A Saskatoon courtroom fell silent this morning as all eyes turned to the ceiling monitors.
The video playing showed murder victim Dorothy Woods on the last night she was seen alive.
Her husband, David Woods, is on trial charged with first degree murder.
The first video showed Woods entering and then leaving the Sobeys grocery store on 8th Street and Cumberland Avenue. Various stills showed her shopping inside the store around suppertime on November 11, 2011.
The second video captured her inside the Greek House lounge on 33rd Street, a few hours later.
The Crown continued to call witnesses and evidence as the first week of the trial wrapped up.
Jurors heard from Sgt. Don Buratenski about how police searching the Woods' home found Dorothy's driver's licence and hospitalization card in a purse in a cupboard in the garage. They also found $1,000 cash and her Mastercard and Visa cards in a locked toolbox in the garage.
But, police who did a forensic search of 19 Riel Crescent discovered no blood — or signs of cleaning — when they came hunting for evidence of a crime scene.
On January 4, 2012, her frozen body was discovered wrapped in plastic in a culvert near Blackstrap Lake.
David is charged with first-degree murder.
No blood or bleach
For the past two days, prosecutor Michael Segu has drawn testimony from Sgt. David Hudson. Retired now, at the time he led the police investigation in Dorothy's disappearance.
Hudson laid out how circumstantial evidence pushed David from a witness to suspect in the eyes of police. By his own admission, David said his marriage was on shaky ground and both Crown and defense argued there were infidelities on both sides.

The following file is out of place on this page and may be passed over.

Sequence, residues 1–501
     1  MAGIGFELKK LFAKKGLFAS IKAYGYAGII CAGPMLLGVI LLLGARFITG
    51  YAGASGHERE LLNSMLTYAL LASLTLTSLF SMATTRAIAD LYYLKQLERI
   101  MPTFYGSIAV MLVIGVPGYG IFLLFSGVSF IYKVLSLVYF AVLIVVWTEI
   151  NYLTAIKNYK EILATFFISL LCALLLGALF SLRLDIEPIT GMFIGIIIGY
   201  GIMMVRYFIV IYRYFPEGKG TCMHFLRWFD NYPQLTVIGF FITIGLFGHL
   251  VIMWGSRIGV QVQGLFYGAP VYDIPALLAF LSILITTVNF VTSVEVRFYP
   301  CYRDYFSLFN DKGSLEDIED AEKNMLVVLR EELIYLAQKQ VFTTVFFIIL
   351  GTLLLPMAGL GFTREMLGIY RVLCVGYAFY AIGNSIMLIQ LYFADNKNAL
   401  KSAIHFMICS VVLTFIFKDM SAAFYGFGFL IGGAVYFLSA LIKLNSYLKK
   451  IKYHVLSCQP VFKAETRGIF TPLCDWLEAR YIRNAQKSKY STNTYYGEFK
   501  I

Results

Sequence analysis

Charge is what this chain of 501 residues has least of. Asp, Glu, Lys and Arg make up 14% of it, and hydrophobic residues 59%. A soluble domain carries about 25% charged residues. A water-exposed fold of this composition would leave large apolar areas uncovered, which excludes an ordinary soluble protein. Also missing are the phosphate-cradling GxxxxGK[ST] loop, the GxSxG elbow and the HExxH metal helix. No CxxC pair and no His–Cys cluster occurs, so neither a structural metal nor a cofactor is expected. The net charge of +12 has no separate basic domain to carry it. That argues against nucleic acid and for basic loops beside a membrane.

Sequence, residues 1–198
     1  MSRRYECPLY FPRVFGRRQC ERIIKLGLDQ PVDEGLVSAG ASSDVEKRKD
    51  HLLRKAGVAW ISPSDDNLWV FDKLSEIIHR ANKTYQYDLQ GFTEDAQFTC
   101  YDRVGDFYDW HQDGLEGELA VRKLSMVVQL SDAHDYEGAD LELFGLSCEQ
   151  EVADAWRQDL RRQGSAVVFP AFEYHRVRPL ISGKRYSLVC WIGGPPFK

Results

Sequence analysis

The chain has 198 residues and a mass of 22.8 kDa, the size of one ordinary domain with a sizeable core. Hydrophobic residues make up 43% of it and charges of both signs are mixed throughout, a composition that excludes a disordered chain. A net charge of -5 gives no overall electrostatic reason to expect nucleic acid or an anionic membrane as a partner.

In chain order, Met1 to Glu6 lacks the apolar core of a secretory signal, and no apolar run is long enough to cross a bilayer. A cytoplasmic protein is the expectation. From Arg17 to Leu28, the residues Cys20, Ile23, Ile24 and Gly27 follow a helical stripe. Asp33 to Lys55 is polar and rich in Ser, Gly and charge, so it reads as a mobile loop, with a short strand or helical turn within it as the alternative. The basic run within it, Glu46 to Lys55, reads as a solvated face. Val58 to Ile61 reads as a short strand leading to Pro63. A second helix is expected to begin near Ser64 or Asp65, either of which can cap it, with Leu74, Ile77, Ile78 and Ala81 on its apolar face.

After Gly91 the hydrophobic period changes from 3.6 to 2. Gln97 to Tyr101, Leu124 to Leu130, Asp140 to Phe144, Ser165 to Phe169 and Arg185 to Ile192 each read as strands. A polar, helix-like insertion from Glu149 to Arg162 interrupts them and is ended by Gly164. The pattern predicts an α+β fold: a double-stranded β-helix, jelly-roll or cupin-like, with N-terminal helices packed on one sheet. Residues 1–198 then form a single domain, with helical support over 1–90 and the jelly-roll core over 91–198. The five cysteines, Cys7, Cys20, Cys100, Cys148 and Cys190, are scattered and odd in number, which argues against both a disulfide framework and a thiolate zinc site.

During the investigation, police were authorized to place a tracking device on David's truck.
One of the key breaks in the case came in early January, 2012.
On January 2, RCMP issued a release that unidentified female human remains had been discovered outside the city. It was widely reported in local media. Later that same day, the tracking device on David's truck showed that it travelled south of the city.
'It was very unusual.' - Sgt. David Hudson
On January 4, police searched the area around Blackstrap Lake.
Within 15 minutes, they had found the body of Dorothy, in a culvert that ran under an old highway.
Rope, plastic and a hacksaw
Under cross-examination by defense lawyer Michael Nolin, Hudson said there was no forensic testing done of the rope found wrapped around Dorothy's neck to establish whether it was the same rope discovered in the family garage.
Hudson also noted that David never refused police permission to search his home and co-operated with the investigation.
The trial continues today. Next week, jurors will be taken to the location at Blackstrap where police discovered Dorothy's body.
Read CBC's Dan Zakreski tweets below from the courtroom.